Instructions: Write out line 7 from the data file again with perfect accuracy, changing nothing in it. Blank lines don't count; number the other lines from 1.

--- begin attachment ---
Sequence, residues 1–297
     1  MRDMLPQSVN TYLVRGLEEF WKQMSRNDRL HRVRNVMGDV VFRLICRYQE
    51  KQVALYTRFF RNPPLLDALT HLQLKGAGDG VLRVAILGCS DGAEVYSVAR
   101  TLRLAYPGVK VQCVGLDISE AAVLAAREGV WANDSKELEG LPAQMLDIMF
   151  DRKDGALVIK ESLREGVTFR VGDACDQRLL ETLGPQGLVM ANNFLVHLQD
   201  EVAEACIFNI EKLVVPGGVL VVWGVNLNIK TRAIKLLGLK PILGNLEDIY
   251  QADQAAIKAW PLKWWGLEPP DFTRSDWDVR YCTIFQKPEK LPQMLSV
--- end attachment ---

   251  QADQAAIKAW PLKWWGLEPP DFTRSDWDVR YCTIFQKPEK LPQMLSV